Don't Sponsor Me

31 October 2020

There seems to be a growing trend of software developers panhandling for donations. Whether it’s via GitHub Sponsors, Patreon or Ko-fi, a culture of entitlement is on the rise. Some even expect to be rewarded for their Stack Overflow answers. Good luck with that.

I’ve only been consistently contributing to open source for a few months — after a few years of guiltily thinking I should be doing more — so it’s conceivable that my motivations will change over time. Right now though, the vague hope that a stranger might throw a few quid my way isn’t what’s driving me. Let’s be real: it’s good for my résumé and I’d be lying if I said that wasn’t a factor, but I also like giving something back to projects I’ve come to depend upon and having the power to fix bugs or implement features that are negatively affecting me. I’m already benefiting indirectly without getting paid for it.

Developers get paid pretty well. Well, the ones who understand their value do. I feel pretty lucky that the only career I ever seriously considered just so happens to be one of the most in-demand; I could easily have been passionate about ancient history or English literature, or been born two hundred years before computers existed. In either case, it’s likely that my prospects would have been much worse and so it’d be arrogant not to recognise the serendipity of my situation. I don’t think I’m alone in that. It seems like software development is a vocation for more of its practitioners than not, maybe because it requires a degree of obsession in order to be any good at it.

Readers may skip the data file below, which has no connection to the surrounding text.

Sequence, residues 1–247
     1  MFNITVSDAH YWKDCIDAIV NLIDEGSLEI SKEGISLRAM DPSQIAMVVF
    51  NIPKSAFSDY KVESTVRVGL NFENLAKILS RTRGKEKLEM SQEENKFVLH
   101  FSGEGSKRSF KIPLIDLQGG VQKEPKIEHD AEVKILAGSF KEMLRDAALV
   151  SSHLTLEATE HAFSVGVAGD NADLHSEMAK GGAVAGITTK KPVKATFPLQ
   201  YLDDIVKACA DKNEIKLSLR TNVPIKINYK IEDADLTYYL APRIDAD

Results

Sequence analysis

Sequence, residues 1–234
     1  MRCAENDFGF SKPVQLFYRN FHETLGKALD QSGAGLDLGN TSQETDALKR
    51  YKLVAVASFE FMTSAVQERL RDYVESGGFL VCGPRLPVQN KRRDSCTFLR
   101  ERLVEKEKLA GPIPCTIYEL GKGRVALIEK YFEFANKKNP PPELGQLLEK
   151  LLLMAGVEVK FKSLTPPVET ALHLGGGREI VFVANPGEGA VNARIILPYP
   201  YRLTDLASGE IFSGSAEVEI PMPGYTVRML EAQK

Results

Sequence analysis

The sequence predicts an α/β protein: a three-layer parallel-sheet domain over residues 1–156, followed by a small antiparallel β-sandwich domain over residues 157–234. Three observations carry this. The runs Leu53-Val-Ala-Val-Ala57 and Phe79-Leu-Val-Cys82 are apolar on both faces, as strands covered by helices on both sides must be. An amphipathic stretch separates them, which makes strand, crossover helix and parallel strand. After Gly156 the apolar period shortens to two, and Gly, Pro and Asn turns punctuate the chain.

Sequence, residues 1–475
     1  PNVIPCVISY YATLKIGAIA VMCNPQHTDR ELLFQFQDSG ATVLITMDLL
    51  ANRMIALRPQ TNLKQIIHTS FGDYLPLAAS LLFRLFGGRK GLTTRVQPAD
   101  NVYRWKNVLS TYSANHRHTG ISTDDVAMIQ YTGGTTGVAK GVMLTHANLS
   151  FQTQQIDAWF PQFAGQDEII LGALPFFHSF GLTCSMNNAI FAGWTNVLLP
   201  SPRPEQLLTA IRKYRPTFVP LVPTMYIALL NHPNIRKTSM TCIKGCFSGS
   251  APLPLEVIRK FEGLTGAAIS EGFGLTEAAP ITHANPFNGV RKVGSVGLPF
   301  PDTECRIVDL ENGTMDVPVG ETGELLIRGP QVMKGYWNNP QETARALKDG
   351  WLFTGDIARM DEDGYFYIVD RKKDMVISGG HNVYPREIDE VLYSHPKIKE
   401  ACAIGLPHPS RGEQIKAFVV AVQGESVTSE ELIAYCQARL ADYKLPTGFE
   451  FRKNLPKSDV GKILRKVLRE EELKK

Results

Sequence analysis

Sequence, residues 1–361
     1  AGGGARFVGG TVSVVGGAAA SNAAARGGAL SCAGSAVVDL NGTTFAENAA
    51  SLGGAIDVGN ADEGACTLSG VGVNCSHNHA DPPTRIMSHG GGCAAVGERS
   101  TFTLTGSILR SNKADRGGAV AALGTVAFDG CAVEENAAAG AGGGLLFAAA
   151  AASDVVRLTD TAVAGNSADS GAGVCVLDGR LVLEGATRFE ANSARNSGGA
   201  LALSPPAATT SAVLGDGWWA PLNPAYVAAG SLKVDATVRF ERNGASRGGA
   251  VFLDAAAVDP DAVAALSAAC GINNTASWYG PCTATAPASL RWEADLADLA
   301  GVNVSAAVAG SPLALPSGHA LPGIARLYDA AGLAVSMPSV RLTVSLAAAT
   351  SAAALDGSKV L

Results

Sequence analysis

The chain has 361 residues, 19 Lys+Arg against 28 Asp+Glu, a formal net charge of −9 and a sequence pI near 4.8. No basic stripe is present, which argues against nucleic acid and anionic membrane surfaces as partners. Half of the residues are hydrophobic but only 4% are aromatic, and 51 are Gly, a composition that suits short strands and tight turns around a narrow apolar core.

So these people are probably not on the breadline. They don’t need that money, so why are they asking for it? They might argue that just including a link isn’t forcing anyone to contribute. They’re giving people the option which they can exercise if they want to. It’s considerate of them, if anything.

To me, the process of setting up an account with a platform, entering your bank details and then inserting the link somewhere for people to click characterises the person involved. It’s pretty presumptuous. Linus Torvalds doesn’t ask for personal donations — do you think you’ve contributed more to open source than him? I’d be embarrassed to put myself out there like that. I’d gladly sacrifice the £10/month I’d be lucky to accrue, just to avoid that embarrassment. Though perhaps my desire to be avoid being seen as that kind of person reflects a deeper vanity.

The open source community is still relatively small and cliquey. Often when I see people on GitHub with sponsorship enabled, they have a similar number of sponsors as they have sponsees. I’m sorry to shatter the illusion of this infinite money tree that you think you’ve created but the only people who benefit from this mutual admiration society are the payment processors.

Maybe it’s not the financial reward that’s important but the feeling that your contribution is being valued. If so, surely there’s a better way than this self-congratulatory system.

It’s fine for a project to seek funding from a corporate sponsor, though relying on the philanthropy of tech giants seems unreliable. These projects must find ways to sustain themselves. The model by which we financially support open source projects is still coalescing, but the idea that developers should pay other developers directly is absurd.